A number of studies [8, 45] have demonstrated that the countermovement jump is a useful test to functional evaluation of the fitness performance in soccer and it is correlated with maximal muscular strength of jump height performances in professional soccer players. In addition, previous studies [46, 47] have found a large correlation between FFM and CMJ in 7-13 years-old boys and the directly proportional changes in FFM and CMJ in 11-16 years-old. According to Nikolaïdis [48, 49] and Degache and colleagues [50], in this study we have found a significant correlation between age and explosive performance in all subjects. Moreover, results obtained in the multiple regression analysis on all subjects showed that PDS, with sub-categories and %BF, is a useful parameter to predict CMJ (Adj R2=0.41). Despite in “Giovanissimi” category the sub-categories and the %BF are important variables to predict CMJ (Adj R2=0.21), the PDS is the only important predictor of CMJ in “Allievi” category (Adj R2=0.18]. Data do not allow a specific equation for the category “Juniores” because 1) no variables significantly correlated with CMJ and 2) the predictors PDS and FFM showed very similar values between subjects highlighting low heterogeneity.

For these reasons, we agree with Baldari et al. [51] who suggested that physical training programs should be administered according to individual biological characteristics and not according to their chronological age. Since chronological age and development rarely progress at the same rate [52], adequate training during puberty is an important factor to the future health development of young soccer players.

In the past decades, the physiological maturational level of children and adolescents were assessed using accurate methods (i.e. skeletal, endocrine and somatic changes) with the utilization of sophisticated and expensive equipment. For example, to evaluate the variability of different biological parameters (anthropometry, pubertal stage, hormones, etc.) within athletes selected by chronological age in the same class, Di Luigi and colleagues [53] used medical examination, Tanner scale and salivary samples. In that study they observed high inter–individual variability and significant correlations between chronological age, puberty and the steroid hormone responses to physical exercise. Although those methods are considered the gold standard for the maturation assessment, they have a limited applicability on large-scale. Given that the PDS questionnaire has demonstrated high internal consistency and correlation with age, CMJ, FFM and %BF, it can be considered as a viable method to assess the pubertal characteristics. A preliminary study of Perroni et al. [19] showed that only two out of thirteen soccer players belonging to “Juniores” category (>17yrs) had actually completed the maturation process. In particular, in Italian amateur soccer championships (>17yrs) sport clubs are compelled to include at least four “young” players classified in relation to the age groups (from 18 to 20 years-old), so that it could be useful to evaluate the PDS in order to reduce cost, to highlight talented soccer players, and to propose an adequate training in youth.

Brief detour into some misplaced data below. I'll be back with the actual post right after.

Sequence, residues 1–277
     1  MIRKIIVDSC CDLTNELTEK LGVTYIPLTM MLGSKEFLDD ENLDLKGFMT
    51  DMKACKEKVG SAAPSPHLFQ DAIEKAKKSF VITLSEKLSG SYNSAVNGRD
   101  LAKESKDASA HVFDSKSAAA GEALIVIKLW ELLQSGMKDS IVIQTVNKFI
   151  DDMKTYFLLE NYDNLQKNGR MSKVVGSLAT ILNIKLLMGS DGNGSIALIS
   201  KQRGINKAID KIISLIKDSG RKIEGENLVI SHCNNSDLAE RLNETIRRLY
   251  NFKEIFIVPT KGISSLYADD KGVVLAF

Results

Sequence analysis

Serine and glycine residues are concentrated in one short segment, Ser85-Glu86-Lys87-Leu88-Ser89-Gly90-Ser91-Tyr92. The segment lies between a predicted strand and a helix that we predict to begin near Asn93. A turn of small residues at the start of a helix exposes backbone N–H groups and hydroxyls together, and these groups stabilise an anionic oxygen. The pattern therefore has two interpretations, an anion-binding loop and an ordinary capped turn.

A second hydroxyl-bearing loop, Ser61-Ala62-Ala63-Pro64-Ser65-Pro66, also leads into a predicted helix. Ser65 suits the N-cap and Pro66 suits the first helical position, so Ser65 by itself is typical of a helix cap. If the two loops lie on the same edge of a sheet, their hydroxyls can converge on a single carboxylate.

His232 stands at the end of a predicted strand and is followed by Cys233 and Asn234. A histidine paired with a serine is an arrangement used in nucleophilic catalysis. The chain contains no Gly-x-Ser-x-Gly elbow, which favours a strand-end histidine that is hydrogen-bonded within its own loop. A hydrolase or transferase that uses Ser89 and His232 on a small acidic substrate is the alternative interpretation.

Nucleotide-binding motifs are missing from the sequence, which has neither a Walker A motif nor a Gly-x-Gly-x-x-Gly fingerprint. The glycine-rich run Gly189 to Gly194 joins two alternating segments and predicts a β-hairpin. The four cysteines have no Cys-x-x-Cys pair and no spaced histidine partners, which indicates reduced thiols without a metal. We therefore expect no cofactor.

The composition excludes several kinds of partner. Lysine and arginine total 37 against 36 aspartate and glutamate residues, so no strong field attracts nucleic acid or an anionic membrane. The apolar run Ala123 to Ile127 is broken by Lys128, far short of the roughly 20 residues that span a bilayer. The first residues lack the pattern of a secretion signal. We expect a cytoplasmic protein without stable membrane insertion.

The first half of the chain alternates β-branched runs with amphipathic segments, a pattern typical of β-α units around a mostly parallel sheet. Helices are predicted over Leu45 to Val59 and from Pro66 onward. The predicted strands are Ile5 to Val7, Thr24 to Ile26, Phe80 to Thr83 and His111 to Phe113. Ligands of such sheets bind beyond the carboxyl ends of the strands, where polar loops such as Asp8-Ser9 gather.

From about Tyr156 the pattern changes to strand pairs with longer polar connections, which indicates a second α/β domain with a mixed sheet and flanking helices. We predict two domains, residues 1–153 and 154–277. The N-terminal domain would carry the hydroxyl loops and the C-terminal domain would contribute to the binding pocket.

Understandably, the main limitations of this study were: 1) the lack of elite young soccer players as control group of subjects, and 2) a small number of soccer players in each sub-category. For these reasons, further assessments (at least 3 time) to assess difference with elite soccer players and the possibility correlations with training load proposed by coach across the regular season, were recommended to ascertain if Self-Administered Rating Scale for Pubertal Development is an adequate predictor of CMJ in category and sub-category of young soccer players.


Since statistical analysis has shown a significant correlations between variables in all subject and within categories, to schedule the training programs we have to consider more the measure of pubertal development than chronological age. PDS is a simple, valid, no cost, and easily accessible method to assess the pubertal characteristics. The use of PDS questionnaire can provide useful information about the maturation of the child athlete that can be useful for the coach to create individual conditioning programs to minimize the risk of an excessive workload associated with possible injuries. In fact, training programs should take into account the needs and the growth problems of young soccer players. On this basis, coach must propose adequate training programs with different prescriptions of training load to ensure the “safe” growth of young soccer players.


Not applicable.


No Animals/Humans were used for studies that are base of this research.


Not applicable.


The authors declare no conflict of interest, financial or otherwise.


We would like to thank Mr. Alessandro Bianchi and his staff because this work could not have been completed without their help. Most of all, we thank the children and families of “Pol. Abalonga” for their participation and co-operation in this study.